For the most part, a master’s thesis is the last step in a long academic journey.
But for aspiring entrepreneur Morten Versvik, it was an opportunity to develop technology that would revolutionize the learning of students around the world.
“We wanted to bring out the full learning potential of all learners, regardless of age, subject or background,” Versvik told CNBC Make It.
Versvik is the co-founder and current Chief Technology Officer (CTO) of Kahoot, a game-based learning platform which has become a worldwide success and is backed by leading investors like SoftBank, Microsoft and Disney.
He and his computer science teacher developed one of the first versions of the game in 2006, in order to make classrooms more attractive to all types of students.
Within a few years, their concept grew into Kahoot – a $ 5.7 billion edu-tech sensation that the the company says is used by 87% of the world’s top universities and 97% of Fortune 500 companies.
Today, the company headquartered in Oslo has more than 9 million teachers organize a so-called kahoot Last year. “Kahoots” are multiple choice quizzes created by a host, usually a teacher or presenter. The host shares questions on a screen and players record their answers using individual devices such as their phones or laptops.
But according to Versvik, the journey from his college days to what Kahoot is today wasn’t easy.
Versvík first proposed the technology for Kahoot while doing research for his Masters at the Norwegian University of Technology and Science (NTNU).
“The idea behind this was to bring engagement and competitiveness to all the students – especially those at the back of the class,” Versvik said.
To further develop the idea, he approached his professor at the time, Alf Inge Wang, who created games for movie screens. The two got together and started working on something that would make learning more engaging and interactive.
Versvik and Wang wanted to develop a game with a common large screen and multiple people playing simultaneously. They wanted players to “watch” a split screen and play together, instead of being absorbed into their own individual devices.
Their first idea, which they simply called “Lecture Quiz”, was to improve student motivation and increase classroom participation.
Once they had a basic prototype, it was time for experimentation.
“We tested the original technology with university students in a theater using the very basic phones of the day,” said Versvik.
But technological limitations have proven to be a challenge.
The first prototypes, which were tested with some NTNU students, used basic flip phones with no apps and with a limited number of keys. Simply put, the user interface was difficult to use, according to Versvik.
“Internet technology and connectivity were nascent back then – in the pre-iPhone era – but the concept was a hit with gamers,” he said.
Despite its limitations, the idea aroused the interest of students and the duo decided to experiment with other uses of their technology. They have tested their technology in conferences, movie theaters, large arenas and even used it to control a mechanical bull.
“The early days were tough – the technology was limited and there was no business model,” Versvik said. But the launch of smartphones, 3G, and the HTML5 coding language increased the platform’s prospects, and the team was able to update their technology.
Soon after, the co-founding team – which now included entrepreneurs and investors Johan Brand, Jamie Brooker and Asmund Furuseth – moved to San Francisco for a few months to turn the project into a full-fledged business.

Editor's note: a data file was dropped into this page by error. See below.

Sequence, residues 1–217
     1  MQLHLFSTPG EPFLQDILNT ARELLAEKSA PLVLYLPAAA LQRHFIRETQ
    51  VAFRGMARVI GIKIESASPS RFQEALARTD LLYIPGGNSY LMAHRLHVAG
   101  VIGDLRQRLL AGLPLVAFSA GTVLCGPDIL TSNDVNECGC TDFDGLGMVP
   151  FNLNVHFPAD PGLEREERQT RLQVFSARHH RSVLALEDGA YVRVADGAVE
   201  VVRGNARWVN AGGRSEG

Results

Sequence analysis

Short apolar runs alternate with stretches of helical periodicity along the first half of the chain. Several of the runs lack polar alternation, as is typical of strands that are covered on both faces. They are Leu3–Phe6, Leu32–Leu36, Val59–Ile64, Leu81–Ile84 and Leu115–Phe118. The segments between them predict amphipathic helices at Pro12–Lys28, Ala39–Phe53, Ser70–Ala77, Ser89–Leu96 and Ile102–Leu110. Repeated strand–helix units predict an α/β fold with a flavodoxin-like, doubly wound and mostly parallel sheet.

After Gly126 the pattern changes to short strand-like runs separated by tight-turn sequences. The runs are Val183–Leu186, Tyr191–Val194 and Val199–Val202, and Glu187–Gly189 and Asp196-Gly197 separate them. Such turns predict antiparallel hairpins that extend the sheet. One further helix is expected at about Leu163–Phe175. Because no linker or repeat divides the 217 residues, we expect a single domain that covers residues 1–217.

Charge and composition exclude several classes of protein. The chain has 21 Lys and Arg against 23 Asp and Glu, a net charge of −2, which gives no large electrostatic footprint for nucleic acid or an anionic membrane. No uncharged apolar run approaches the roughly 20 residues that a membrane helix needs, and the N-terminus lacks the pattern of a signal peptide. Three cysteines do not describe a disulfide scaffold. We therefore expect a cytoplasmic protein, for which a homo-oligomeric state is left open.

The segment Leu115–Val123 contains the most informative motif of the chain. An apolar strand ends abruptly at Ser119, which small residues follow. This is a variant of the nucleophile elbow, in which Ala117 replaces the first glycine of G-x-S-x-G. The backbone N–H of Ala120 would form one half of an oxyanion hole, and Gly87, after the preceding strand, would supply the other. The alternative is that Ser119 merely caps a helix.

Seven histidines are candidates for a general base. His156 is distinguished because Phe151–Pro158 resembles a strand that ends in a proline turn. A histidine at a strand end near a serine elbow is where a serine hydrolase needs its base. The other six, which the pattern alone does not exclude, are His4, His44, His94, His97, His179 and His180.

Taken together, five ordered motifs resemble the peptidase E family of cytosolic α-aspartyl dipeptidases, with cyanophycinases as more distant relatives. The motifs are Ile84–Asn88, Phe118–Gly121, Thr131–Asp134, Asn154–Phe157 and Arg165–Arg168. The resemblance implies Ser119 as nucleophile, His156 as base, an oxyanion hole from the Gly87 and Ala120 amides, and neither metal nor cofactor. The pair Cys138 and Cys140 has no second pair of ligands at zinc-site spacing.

Kahoot was officially founded in 2012 and launched into a private beta testing phase in Texas in early 2013. The beta was released to the public in September of the same year.
Months later, Versvik and his team had made great strides in the technology, so much so that their first investor was instantly drawn to the “viral” idea.
“I immediately thought this was a very strong concept that could become a business and global success,” Eilert Hanoa, Kahoot’s senior investor and current CEO, told CNBC.
“The idea of ’making learning great’, making sure the teacher is the hero of the class and having a very compelling user experience, were the most important ingredients,” Hanoa said.
The investor was very impressed with how the Kahoot team managed to take advantage of “viral pull”, which he believes is the most difficult dimension of any successful business.
“There are countless boring little courses for school or training, but they aren’t engaging,” Hanoa said.
The nine-year-old company has since grown to a team of over 500 employees and has offices in eight countries. It is listed on the Oslo Stock Exchange in March of this year and has acquired seven other edutech and engagement platforms such as Clever, Dragonbox, and Drops.
He also started to develop his own study material. in partnership with education magnates such as National Geographic, Britannica, Khan Academy and the United Nations.
Despite Kahoot’s rapid success since 2013 and its growth during the pandemic, the company said it would stick to Versvik and Wang’s original ideals – giving teachers a compelling tool to build excitement among students.
According to Hanoa, the team believes in staying “free forever for teachers and students,” and educators and learners can create quizzes for free. Kahoot earns money by selling a premium subscription for businesses and schools, giving them access to additional features.
It also encourages thousands of teachers to provide input in order to continuously develop and improve the product.
“I think our ‘make learning awesome’ journey doesn’t end in any dimension. We almost haven’t even started,” Hanoa said.
The next challenge, he said, is figuring out “how to make this even better … how can we become our own biggest competitor?” “
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